feel with me

Do you ever feel a longing to write but without any words to wrangle into sentences? It feels like wanting to cook but opening the fridge to find it empty. It feels like when you can’t remember the name of something obvious. I’ve been sitting with this tip of the tongue feeling all day hoping it’ll fade.

I’ve had this happen more frequently since the pandemic hit. I’ll have a vision of what to say floating in my head yet it feels like a much bigger ask to translate it into concrete, sensible words. Thinking more about this, it’s actually a somewhat common reaction I have in events where it feels inappropriate to focus on the mundane. In my head doing so feels like a betrayal of the magnitude of whatever situation seems larger and more important to fully feel. Compared to what’s happening in the world, writing up something for work or for fun feels useless. How can you pay attention to work when so much is not okay? Snap out of it. Wake up. Look around you. Do something.

I’m not good at faking how I feel yet I’m also adept at compartmentalizing. These traits are both a blessing and curse. On rough days, it feels like I’m constantly packing and unpacking feelings — a form of emotional nomading if you will. It’s a shame I’m not more minimalistic when it comes to my emotional range ;). Like a scuba tank enabling someone to go where humans aren’t supposed to, I have about 3-4 hours of true productivity at a time thanks to compartmentalizing before needing to come up for oxygen.

I feel the miles between loved ones more than I ever have. I feel the precariousness of our collective situation. I feel the exhaustion from low level, constant worrying. I feel how dissatisfying a phone call is compared to a long hug in person. I feel the fear in not knowing how long this will last.

Words are still painful to find. With each letter I type, the sense that I should be doing something more to ease pain grows. How will these sentences help with anything that’s happening? How do we keep going when so much isn’t okay? How do we feel the loss yet continue on? I’ve faced these questions many times before. I hate sitting on the sidelines. I always want to prove the bystander effect wrong.

I’ve written about this memory before here but, for some reason, it keeps flashing into my mind as I write this. Years ago after my soccer teammate’s car accident where she lost a leg and barely kept her other one, my teammates and I were tasked with walking around a soccer complex during a big tournament to try to raise money for her. We could hardly get anyone’s attention. The tears and panic began to build within me. I wanted to scream. I wanted to show them pictures of her leg and share details from the accident. I wanted them to get it as they ignored us, put on their sunglasses, and looked away. What could be more important?! Nothing else mattered to my little brain.

Right now, I feel this younger version of myself tugging at my sleeve wanting to scream about our current reality. I don’t want to be another adult ignoring her so I regularly find myself engaging with that part of myself.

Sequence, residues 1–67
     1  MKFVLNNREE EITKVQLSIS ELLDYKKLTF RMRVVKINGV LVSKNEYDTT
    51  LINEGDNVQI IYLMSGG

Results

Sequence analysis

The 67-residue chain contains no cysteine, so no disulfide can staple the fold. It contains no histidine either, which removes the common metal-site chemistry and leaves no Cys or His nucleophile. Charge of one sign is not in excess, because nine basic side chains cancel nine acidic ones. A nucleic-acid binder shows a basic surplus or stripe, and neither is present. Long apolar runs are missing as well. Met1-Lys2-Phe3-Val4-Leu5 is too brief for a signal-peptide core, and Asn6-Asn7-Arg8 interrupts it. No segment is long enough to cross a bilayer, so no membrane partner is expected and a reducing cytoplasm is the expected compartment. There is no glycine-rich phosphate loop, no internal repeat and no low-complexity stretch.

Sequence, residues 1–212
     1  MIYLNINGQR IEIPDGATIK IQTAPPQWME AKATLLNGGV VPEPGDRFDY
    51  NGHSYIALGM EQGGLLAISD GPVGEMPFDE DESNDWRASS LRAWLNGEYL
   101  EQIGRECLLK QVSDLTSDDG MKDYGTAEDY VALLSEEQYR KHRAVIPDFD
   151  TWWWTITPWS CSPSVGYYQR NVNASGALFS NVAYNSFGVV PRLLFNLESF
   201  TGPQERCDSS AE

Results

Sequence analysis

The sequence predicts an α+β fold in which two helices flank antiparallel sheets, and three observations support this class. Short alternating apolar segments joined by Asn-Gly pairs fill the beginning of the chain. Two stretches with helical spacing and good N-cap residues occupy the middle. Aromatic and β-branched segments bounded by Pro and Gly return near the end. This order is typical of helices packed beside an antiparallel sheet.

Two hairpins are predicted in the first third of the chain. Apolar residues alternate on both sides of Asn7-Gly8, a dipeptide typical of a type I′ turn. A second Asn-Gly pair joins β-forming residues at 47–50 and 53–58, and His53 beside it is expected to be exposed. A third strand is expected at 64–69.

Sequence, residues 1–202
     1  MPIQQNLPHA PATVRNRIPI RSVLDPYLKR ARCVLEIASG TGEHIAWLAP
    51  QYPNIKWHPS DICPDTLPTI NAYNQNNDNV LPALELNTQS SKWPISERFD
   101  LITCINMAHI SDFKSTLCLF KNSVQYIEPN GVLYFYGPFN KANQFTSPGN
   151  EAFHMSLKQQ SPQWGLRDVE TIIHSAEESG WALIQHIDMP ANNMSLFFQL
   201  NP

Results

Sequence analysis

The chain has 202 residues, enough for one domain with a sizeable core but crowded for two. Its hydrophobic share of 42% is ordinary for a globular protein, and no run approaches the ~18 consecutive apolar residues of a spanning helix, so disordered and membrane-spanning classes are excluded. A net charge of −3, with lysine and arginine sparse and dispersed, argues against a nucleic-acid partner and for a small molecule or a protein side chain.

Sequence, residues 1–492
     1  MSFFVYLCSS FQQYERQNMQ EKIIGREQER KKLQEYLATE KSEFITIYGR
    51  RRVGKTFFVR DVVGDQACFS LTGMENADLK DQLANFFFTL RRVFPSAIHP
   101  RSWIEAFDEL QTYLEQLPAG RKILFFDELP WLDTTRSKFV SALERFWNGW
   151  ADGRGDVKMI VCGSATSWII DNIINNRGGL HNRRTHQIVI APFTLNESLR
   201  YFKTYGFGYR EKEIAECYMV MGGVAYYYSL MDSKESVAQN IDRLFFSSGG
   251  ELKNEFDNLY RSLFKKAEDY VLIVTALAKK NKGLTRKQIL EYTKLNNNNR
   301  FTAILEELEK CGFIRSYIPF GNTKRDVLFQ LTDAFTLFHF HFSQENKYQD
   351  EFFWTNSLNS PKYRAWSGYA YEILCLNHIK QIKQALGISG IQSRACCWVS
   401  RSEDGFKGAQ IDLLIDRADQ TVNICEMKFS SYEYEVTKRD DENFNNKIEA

“How can I help? What can we do today that will build the future we want for tomorrow? How do we find a way to pace ourselves? What do you feel right now?”

We’re all still living. These days are not lost days. They are days with equal weight as any other in our lives. I see them passing and blurring. I want a firmer grip. Focusing on what I can learn from our current situation is giving me a way to engage with the present. It suddenly feels powerful and useful to feel all I can knowing it’ll serve me in the future we all build together. Feel with me, friends.

What do you miss most? What about you has remained the same despite this constant change? Which relationships are being strengthened? Which are atrophying as time goes on? What are you learning about yourself? What are you learning about others? What about life before this was unsustainable for you? How are you spending your time differently?

When I’m out of words, I turn to the words of others.

“There are times when it is hard to believe in the future, when we are temporarily just not brave enough. When this happens, concentrate on the present. Cultivate le petit bonheur (the little happiness) until courage returns. Look forward to the beauty of the next moment, the next hour, the promise of a good meal, sleep, a book, a movie, the likelihood that tonight the stars will shine and tomorrow the sun will shine. Sink roots into the present until the strength grows to think about tomorrow.” ― Ardis Whitman

& now I must go to seek the promise of sleep.

5 Comments

  1. Bryan Wagner

    Thanks for this.
    Strangely, my desire for being in presence for today seems to have taken center stage. Probably more so than any other time in my life. Perhaps it’s that background ghost of mortality shape shifting into something more tangible.

  2. Cat Feathers

    This is so eloquently expressive, and exactly how I’ve been feeling also. It’s a strange thing, when life is on pause in so many ways and yet our brains and hearts have more than ever to make sense of.

    I’ve felt like the writing bit of my brain is in a place of simmering ingredients in a pot just before they turn into soup.

    Everything about this is teaching us so much about ourselves and our world. Hard lessons at times, but essential ones.

    1. Anne McCarthy

      Thanks for reading and sharing your words in return. Love this sentiment: ” life is on pause in so many ways and yet our brains and hearts have more than ever to make sense of.” I hope you’re learning lots and taking care of yourself.

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